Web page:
The World Keeps Ending, and the World Goes On

Every poem in Franny Choi's The World Keeps Ending, and the World Goes On has a line--or a few--where readers realize that, yes, this poem is for them. Her third collection is filled with such moments, lines that sing out, grabbing readers by the throat--or by the hand--and holding them there. Sometimes, it comes at the beginning of the poem, as in "Catastrophe Is Next to Godliness," which opens: "Lord, I confess I want the clarity of catastrophe but not the catastrophe./ Like everyone else, I want a storm I can dance in./ I want an excuse to change my life."

Others arrive at the end of the poem, a gut-punch like the lines that close "Good Morning America," a poem of nine, three-line stanzas: "Come in, last year's wreck, rent./ Grief's a heavy planet, and green./ I know better than to call/ each gravity's daughter to my softest cheek./ I know, and I know./ So what?" Each word clacks and bruises against the next, and the enjambment across stanzas forces both a forward rhythm and a pause. It is musical and discordant; it is a thing of beauty and a thing of pain.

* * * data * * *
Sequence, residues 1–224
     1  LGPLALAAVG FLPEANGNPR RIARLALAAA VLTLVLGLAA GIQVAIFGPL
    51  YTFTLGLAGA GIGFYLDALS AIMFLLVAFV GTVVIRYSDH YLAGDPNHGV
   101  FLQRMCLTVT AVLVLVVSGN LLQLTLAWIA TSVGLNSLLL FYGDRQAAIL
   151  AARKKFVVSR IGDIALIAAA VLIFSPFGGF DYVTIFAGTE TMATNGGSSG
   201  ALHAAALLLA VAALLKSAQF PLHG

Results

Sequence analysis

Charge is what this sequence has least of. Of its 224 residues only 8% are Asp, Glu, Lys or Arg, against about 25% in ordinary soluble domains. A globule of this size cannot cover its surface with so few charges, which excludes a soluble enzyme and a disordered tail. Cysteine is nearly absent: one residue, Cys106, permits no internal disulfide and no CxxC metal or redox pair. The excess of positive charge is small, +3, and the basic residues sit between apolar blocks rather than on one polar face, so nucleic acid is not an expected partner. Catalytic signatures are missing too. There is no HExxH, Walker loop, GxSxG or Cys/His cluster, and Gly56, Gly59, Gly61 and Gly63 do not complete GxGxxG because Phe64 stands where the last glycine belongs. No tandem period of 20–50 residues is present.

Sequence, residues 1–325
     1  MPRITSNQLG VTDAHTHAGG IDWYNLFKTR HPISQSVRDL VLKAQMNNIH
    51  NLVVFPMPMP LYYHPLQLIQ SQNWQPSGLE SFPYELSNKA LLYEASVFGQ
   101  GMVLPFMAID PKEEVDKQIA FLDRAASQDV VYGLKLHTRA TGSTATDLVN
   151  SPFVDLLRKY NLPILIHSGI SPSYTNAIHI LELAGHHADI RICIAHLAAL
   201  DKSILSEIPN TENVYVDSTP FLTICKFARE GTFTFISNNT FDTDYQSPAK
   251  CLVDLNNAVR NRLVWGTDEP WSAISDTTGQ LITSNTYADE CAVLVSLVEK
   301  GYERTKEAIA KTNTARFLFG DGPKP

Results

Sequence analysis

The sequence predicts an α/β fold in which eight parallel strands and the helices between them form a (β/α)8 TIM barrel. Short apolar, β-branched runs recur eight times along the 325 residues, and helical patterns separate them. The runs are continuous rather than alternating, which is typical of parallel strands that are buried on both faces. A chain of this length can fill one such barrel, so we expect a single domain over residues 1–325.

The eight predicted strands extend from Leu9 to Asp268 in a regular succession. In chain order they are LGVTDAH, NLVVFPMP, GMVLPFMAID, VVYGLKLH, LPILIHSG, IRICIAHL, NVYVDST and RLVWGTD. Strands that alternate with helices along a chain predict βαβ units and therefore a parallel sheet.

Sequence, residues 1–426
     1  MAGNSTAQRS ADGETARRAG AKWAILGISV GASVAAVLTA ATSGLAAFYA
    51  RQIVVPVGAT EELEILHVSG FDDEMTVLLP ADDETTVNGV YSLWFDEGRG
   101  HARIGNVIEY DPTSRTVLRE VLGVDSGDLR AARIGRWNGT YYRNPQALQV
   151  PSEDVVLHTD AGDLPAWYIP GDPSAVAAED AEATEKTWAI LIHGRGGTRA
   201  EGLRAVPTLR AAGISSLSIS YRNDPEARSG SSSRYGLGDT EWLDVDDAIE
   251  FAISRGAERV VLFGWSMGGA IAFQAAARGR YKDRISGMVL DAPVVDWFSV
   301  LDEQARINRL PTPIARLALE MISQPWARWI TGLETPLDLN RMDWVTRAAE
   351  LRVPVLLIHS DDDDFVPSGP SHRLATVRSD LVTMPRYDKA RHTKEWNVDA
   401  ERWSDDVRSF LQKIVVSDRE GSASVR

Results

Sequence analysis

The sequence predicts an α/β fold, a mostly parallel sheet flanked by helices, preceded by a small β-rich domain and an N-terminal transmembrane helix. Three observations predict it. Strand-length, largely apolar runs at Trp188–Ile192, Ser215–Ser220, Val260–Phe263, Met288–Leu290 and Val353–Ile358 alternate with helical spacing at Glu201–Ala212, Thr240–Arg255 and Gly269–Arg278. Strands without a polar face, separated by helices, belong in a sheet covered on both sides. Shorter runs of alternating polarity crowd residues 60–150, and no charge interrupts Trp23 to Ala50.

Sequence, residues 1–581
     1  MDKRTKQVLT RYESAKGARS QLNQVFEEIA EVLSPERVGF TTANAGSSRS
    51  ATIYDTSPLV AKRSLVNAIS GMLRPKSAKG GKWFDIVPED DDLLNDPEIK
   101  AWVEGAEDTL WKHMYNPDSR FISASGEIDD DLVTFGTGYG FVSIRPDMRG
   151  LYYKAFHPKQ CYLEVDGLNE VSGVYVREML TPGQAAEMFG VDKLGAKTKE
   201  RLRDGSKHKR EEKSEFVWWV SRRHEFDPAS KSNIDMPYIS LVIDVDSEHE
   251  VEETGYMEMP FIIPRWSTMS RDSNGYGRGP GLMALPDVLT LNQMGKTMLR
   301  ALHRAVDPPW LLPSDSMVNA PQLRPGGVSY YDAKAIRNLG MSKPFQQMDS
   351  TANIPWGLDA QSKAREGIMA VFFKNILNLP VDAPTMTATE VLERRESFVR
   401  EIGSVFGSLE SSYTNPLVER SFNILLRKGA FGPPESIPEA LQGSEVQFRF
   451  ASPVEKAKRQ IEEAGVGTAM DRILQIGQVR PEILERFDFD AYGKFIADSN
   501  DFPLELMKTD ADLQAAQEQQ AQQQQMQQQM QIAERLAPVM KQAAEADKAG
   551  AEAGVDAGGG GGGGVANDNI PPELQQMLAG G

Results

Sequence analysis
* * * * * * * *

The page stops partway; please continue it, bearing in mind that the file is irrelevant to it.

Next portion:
Choi's collection is about endings of all sorts, those that happened in the past and those still to come, those that are always already happening. The poems mingle historical despair with alt-historical hope, and always there is family. Dedicated to the author's parents and grandparents, this collection rings with the memories of ancestors, and Choi (Soft Science) calls on them like muses. --Sara Beth West, freelance reviewer and librarian

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